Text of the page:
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Homage to Switzerland: Michael Blann’s mountain photography

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Swiss climbs don’t have the same notoriety as some of those across the border but that doesn’t make them any less marvelous

Words:
Photographs: Michael Blann
Gotthard Pass, Michael Blann

Michael Blann, the man behind the book Mountains: Epic Cycling Climbs, will be at this year’s Rouleur Classic exhibiting a selection of new images from the mountains of Switzerland.

 

Although often overshadowed in cycling circles by the climbs of the Grand Tours, the passes of the Swiss Alps are no less spectacular. And while some of the country’s cols did feature in the book, the London based photographer returned to Switzerland this summer with unfinished business to tend to.

 

“Switzerland has some of the greatest climbs in Europe so it was logical for me to showcase them in the book,” he says. “The Gotthard, Furka, Grimsel, Santetsch and Scheidegg are all amazing and very different in their own way. Unfortunately they are not as well known as some of the French and Italian Alps or the Spanish climbs – although races like Tour de Romandie and the Tour de Suisse regularly visit them.”

 

In all, Blann made two trips to Switzerland this summer: “On the initial trip I experienced some bad weather and the tunnels up the Col du Sanetsch were closed so I couldn’t reach the top. So it was great to go back mid-summer and photograph these climbs properly.”

 

Read: Larry & Conor’s NoGo Tour – Life’s adventure on two wheels

 

Naturally, Blann’s approach to photographing the climbs starts as any cyclist’s would.

 

“I tend to cycle them first to work out where the best advantage points are and also when would be the best time of day. I then drive up with my equipment, park up and then hike to the vantage point where I think the best shot will be.

 

“All climbs have their own characteristics and the Swiss climbs are no different. The Gotthard (pictured above) is cobbled which is really unusual to find now. And climbs like the Grosse Scheidegg are so spectacular because of the scenery they pass through.

 

“So much of the landscape is picture postcard stuff – the meadows are mowed and cows are a constant presence feeding on the pastures. When I’m photographing in Switzerland I think I’m on a set of a milk chocolate ad.”

 

Read: Michael Blann – the legs behind the lens

 

Even on the bike though, Blann was in work mode: eyeing up angles, reading shadows, imaging the view back at the road he was riding. Maybe he’s tied up the business end of things, but he’s still not finished with Switzerland.

 

“There is some great cycling to be had there,” he says. “The climb I didn’t actually get to ride was the Grosse Scheidegg. So it looks like I will have to go back again sometime.”

Grosse Scheidegg, Michael Blanc

Grosse Scheidegg

“Why this climb isn’t better known outside Switzerland, I do not know. It’s spectacular. Connecting the town of Meiringen with Grindelwald, the climb starts through the valley of Reichenbach and passes near the Reichenbach falls made famous by Holmes and Moriarty. The road is actually closed to most traffic apart from the local bus service so it’s possible to relax and enjoy the scenery. The constant presence of the Jungfrau, one of Europe’s highest mountains looms over you for much of the climb. But the best view is at the summit where you are met with perfect views of the north face of the Eiger.”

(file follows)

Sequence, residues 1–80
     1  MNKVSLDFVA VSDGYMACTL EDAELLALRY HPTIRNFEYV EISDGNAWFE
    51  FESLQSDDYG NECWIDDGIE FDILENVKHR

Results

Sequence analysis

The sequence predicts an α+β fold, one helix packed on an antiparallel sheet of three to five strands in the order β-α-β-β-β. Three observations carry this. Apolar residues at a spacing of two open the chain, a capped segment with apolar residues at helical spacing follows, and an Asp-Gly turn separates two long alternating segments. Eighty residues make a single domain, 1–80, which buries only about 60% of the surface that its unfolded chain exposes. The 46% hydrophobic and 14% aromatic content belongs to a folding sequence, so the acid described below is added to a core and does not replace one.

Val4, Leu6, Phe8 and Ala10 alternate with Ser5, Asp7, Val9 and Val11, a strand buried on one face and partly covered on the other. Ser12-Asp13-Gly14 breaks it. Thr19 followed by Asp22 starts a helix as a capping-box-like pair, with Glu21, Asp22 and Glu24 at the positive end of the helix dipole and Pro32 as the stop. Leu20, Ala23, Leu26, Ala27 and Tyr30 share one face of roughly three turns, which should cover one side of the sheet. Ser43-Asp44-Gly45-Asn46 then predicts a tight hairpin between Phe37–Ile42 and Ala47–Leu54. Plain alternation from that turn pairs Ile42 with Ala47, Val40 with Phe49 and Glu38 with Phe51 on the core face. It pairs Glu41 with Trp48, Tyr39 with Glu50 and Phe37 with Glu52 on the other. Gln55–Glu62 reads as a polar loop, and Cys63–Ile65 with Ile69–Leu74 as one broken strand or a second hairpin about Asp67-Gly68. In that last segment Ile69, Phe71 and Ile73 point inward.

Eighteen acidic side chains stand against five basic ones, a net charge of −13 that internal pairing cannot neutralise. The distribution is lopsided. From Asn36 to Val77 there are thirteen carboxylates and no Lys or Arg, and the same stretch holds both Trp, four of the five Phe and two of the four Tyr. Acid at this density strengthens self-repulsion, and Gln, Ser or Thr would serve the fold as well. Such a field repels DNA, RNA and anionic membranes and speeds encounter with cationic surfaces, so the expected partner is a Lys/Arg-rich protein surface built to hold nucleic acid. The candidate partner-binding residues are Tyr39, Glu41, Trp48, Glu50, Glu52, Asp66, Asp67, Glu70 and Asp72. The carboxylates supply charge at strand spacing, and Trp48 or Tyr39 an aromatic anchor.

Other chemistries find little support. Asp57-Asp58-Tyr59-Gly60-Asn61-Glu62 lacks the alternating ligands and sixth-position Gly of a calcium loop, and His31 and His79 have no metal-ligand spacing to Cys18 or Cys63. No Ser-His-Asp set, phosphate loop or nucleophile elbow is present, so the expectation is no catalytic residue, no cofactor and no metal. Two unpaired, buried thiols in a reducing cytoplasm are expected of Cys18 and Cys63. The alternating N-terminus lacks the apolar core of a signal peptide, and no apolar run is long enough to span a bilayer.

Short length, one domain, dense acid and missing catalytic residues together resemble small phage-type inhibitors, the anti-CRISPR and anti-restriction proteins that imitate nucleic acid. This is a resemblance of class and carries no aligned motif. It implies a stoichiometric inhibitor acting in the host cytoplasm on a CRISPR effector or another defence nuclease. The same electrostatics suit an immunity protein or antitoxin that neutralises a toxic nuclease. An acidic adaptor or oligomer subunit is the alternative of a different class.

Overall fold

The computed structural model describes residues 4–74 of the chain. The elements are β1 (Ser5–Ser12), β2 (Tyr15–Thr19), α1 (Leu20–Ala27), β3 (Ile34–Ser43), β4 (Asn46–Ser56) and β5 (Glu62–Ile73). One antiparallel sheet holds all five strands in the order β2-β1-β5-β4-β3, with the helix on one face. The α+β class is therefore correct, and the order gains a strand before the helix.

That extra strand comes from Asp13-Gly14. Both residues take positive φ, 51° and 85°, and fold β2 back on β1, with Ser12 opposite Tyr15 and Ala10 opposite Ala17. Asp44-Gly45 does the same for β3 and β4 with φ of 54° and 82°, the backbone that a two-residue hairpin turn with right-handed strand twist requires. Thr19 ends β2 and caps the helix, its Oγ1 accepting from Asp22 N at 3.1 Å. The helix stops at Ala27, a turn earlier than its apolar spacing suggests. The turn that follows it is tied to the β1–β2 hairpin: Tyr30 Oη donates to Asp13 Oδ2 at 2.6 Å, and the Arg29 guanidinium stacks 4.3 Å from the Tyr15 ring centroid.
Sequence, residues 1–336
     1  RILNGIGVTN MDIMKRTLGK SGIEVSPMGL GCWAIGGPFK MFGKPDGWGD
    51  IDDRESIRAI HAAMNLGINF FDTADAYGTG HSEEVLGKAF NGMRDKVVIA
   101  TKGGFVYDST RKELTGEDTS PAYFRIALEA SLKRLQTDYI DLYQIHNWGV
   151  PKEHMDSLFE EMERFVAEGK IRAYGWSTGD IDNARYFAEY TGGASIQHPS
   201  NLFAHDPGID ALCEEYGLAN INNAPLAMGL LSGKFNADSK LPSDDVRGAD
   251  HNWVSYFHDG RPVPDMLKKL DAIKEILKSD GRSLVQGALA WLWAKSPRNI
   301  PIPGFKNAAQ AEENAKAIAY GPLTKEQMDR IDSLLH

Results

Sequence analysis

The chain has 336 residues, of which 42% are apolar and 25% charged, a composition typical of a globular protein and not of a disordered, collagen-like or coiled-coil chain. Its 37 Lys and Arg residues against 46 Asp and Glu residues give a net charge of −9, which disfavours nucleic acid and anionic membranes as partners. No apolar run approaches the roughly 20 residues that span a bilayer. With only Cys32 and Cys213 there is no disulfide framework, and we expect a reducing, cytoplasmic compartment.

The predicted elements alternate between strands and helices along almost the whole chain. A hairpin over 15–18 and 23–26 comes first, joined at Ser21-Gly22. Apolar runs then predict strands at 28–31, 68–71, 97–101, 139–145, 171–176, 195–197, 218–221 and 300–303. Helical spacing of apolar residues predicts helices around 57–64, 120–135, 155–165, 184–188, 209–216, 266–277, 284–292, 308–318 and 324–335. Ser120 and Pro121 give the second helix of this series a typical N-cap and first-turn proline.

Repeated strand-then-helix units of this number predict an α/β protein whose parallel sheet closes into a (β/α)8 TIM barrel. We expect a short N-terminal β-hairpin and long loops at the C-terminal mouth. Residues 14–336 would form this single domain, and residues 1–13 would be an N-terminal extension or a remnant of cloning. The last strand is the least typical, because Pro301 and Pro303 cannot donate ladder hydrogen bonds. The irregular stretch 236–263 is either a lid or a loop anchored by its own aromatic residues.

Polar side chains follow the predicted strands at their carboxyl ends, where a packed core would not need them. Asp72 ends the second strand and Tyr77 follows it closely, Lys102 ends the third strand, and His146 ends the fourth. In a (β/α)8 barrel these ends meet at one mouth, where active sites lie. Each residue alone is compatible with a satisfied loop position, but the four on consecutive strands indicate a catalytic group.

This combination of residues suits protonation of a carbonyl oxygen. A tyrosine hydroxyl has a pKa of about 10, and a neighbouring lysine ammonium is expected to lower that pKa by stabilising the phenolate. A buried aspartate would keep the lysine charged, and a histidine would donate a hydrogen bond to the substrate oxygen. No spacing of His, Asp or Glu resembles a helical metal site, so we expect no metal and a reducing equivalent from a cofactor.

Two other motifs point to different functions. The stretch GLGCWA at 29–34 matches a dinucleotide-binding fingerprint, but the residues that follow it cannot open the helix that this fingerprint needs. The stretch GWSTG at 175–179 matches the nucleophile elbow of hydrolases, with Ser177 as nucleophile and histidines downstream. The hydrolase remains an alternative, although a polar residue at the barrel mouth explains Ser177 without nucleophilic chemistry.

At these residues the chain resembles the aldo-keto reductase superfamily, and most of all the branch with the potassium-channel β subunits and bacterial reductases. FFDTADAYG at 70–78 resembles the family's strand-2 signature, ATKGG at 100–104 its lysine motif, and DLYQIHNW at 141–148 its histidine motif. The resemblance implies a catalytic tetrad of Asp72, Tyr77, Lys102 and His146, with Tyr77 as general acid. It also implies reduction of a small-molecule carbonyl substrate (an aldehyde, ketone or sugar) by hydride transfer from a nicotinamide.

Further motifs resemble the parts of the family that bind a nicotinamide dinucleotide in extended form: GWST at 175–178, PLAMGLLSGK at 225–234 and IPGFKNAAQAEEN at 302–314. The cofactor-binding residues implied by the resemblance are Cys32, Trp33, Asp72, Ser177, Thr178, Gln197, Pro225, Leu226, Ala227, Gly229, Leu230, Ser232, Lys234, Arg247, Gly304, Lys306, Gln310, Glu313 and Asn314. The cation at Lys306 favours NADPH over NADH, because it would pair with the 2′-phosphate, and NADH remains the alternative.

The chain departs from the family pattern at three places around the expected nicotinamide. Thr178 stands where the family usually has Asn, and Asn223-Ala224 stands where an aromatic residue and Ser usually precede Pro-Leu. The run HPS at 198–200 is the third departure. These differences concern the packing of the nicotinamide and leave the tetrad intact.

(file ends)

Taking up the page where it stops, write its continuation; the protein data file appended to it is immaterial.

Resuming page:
Grimsel Pass, Michael Blann

Grimsel Pass

“The Grimsel Pass lies in the heart of some of Switzerland’s greatest climbs and is the main route connecting Meiringen with the Furka Pass to the south. The climb is interspersed by a series of lakes and dams, while smooth glacial rocks give the whole area a unique feel  – quite eerie if the cloud is low. At a height of 2164m, the Grimsel Pass is often closed between Oct and May due to snowfall.”

Furka Pass, Michel Blann

Furka Pass

“The Furka Pass is one of the highest mountain roads in Switzerland at 2429m. It connects Gletsch, Valais with Realp, Uri and passes the Rhone Glacier and the abandoned Hotel Belvedere on its route to the top. With spectacular vistas, you can see why it was picked as a film location for the famous James Bond car chase in Goldfinger.”

Col de la Croix, Michael Blann

Col de la Croix

“A popular climb in both the Tour of Romandie and the Tour du Suisse, it’s also a popular training climb for cyclists based at the UCI Headquarters in Aigle. The climb from the south starts in Ollon and winds its way through the vineyards and eventually runs parallel with the train service which runs to Villars-sur-Ollon. You actually have to criss-cross the tracks in several sections before the climbs head’s off onto a quieter road that takes you to the summit. Here there are spectacular views looking north and a fast descent to the base of the Col du Pillon.”

Col du Sanetsch, Michael Blann

Col du Sanetsch

“This is one of the greatest cycling climbs in Switzerland, but one that is rarely tackled because it’s a dead end. The road from Sion climbs up for 33km through a series of small villages and tunnels before flattening out along a large reservoir at the summit, with views looking north towards Gstaad. From here it is possible to hike to Glacier 3000 and back to the top of the Col du Pillon. It’s a really spectacular climb and very challenging too. Probably one of Switzerland’s best kept secrets.”

 

See more of Blann’s views from the Swiss mountains on Rouleur’s Instagram (@rouleurmagazine) and at the Rouleur Classic